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WHAT WORKS IN EDUCATION The George Lucas Educational Foundation

Welcome to your Special Education group

Welcome to your Special Education group

Related Tags: Special Education
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Hi, and welcome to your group. I say your groups because, while I'm the moderator, you get to determine what we talk about. This is a place to get to know each other, share ideas, resources, problems, joys and frustrations. If you're classroom is anything like mine there will be a lot of all of those. I hope you will enjoy the time you spend here and benefit from joining this learning and sharing community.

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JMC's picture
JMC
Special Education teacher K-12 specialization LD

This is like a special education think tank! Just wanted to introduce myself and tell you what an honor it is to meet you all.

Juanita Pritchard's picture

I work in a large school system doing support for teachers who have students with significant intellectual disabilities. In our state we must align instruction to general education standards - it's a challenge. Wondering if there is anyone else out there in this situation?

Deven Black's picture
Deven Black
Middle school teacher-librarian in the Bronx, NY

[quote]I work in a large school system doing support for teachers who have students with significant intellectual disabilities. In our state we must align instruction to general education standards - it's a challenge. Wondering if there is anyone else out there in this situation?[/quote]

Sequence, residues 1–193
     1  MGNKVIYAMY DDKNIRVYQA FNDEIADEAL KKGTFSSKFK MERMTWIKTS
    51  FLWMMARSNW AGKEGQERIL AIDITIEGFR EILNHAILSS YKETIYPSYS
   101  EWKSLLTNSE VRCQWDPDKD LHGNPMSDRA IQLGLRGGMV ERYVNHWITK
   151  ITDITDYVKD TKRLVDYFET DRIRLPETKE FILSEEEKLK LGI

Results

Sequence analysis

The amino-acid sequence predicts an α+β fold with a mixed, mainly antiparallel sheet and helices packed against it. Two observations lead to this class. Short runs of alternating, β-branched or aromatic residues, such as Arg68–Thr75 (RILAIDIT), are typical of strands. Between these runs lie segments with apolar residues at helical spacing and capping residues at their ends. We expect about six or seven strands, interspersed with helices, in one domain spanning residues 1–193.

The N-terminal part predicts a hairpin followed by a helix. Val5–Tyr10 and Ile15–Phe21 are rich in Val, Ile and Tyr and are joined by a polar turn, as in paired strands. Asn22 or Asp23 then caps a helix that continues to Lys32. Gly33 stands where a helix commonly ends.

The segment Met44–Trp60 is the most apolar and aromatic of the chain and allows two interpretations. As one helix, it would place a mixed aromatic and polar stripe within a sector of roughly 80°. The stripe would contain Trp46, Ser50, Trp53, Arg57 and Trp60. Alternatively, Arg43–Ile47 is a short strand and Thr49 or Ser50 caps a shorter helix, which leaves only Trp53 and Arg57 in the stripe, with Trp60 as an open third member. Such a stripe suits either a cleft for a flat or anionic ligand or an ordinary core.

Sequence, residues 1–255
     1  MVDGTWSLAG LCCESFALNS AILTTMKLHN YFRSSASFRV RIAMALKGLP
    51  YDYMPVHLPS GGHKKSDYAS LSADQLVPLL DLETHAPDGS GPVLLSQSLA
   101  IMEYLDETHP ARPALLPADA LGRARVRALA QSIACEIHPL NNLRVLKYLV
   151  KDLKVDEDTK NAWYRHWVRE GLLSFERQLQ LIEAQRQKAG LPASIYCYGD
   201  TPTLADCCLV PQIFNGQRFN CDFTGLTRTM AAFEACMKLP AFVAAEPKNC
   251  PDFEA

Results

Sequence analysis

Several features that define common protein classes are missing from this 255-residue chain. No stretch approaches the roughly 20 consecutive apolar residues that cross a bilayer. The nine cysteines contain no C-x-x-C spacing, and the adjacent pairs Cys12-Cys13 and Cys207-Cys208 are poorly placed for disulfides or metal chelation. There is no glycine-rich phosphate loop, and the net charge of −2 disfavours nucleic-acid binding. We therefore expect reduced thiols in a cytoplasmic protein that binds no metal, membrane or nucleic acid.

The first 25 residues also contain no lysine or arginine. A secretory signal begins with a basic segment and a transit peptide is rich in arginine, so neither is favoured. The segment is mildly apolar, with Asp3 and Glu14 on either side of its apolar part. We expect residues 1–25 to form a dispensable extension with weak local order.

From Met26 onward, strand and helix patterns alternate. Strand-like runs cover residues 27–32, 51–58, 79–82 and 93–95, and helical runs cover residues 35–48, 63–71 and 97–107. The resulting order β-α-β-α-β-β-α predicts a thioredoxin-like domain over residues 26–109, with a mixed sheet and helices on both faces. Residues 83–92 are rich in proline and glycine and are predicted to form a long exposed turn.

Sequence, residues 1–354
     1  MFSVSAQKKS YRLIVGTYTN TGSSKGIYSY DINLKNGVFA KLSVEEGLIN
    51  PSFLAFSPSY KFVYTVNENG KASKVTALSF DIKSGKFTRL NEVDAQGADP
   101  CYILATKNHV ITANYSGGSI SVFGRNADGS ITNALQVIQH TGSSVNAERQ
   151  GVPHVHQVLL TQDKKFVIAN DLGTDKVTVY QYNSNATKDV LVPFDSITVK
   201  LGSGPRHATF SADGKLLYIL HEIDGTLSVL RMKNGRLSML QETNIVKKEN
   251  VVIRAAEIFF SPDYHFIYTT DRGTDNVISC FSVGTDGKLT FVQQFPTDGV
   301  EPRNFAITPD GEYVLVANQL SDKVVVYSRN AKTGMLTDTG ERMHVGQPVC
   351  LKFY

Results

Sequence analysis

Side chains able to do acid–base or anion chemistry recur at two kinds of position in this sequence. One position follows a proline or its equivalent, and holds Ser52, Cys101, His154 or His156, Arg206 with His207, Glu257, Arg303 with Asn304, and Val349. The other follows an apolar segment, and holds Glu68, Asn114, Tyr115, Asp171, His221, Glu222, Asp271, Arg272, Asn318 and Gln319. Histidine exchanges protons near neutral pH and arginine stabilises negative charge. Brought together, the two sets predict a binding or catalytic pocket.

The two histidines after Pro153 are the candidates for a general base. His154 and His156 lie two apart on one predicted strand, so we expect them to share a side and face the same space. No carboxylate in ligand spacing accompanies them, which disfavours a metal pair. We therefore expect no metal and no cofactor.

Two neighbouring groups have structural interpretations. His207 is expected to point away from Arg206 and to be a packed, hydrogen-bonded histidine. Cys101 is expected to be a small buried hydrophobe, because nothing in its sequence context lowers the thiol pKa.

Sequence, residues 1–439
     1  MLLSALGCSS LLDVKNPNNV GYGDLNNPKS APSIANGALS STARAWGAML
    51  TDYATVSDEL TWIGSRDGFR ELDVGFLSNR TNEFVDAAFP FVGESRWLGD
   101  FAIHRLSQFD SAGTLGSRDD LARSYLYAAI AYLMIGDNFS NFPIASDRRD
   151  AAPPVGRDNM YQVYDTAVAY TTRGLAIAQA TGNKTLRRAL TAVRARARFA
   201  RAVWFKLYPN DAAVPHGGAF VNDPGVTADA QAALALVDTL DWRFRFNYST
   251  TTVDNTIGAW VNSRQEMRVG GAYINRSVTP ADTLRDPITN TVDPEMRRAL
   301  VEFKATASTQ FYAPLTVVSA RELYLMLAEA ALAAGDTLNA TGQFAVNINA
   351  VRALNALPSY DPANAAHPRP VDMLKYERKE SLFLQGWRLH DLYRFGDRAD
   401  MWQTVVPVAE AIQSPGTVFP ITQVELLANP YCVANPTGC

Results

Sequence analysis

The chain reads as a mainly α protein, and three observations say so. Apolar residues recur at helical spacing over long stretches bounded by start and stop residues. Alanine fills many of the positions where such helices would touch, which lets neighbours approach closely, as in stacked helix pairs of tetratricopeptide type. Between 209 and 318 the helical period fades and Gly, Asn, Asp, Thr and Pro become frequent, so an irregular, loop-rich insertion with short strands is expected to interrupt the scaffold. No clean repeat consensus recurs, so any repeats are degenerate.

In my school we are getting mixed signals regarding standards. We are told to teach to the student's IEP goals but that our lessons and assessments have to have the state or city standard they address notated on them. This is really not possible with many of the lessons dealing with interpersonal relations, behavior, and some other areas.

Gene A.R's picture
Gene A.R
Christian teacher and lifelong learner

Hello,

I did most of my teaching in southeast Asia with missionaries' children. I became interested in helping kids that were struggling and earned my special education endorsement in Illinois two and a half years ago.

Deven Black's picture
Deven Black
Middle school teacher-librarian in the Bronx, NY

Welcome to the group. Where in southeast Asia did you work? How is schooling there different than it is here?

Melinda Matewa's picture

Hi there, I'm a brand new Special Ed teacher and I work in a strictly inclusion setting, no pullout - except for high stakes testing. I know that I am supposed to be doing progress monitoring and meeting IEP goals, but mostly I feel like an Aide. Is there anyone who can give me some guidance?

However, you should know I'm not in a co-teaching situation. I am the resource person. I come into the classroom, not as a co-teacher. I see about 13-14 students in a week all with varying exceptionalities. I don't work in just one or two classrooms; more like 8 or 9. Some of the teachers understand what I'm in there for (if they have special ed degrees), some see me as an extra pair of hands and don't understand that I'm there to meet IEP goals. I'm not sure what I should do about it, but I am worried that I'm not giving my ESE students what they need to survive because when I walk in the "teacher" tells me...so and so is working on this...can you help them? All they see is the classwork these students aren't completing and honestly some of it is TOO much for these poor little babies.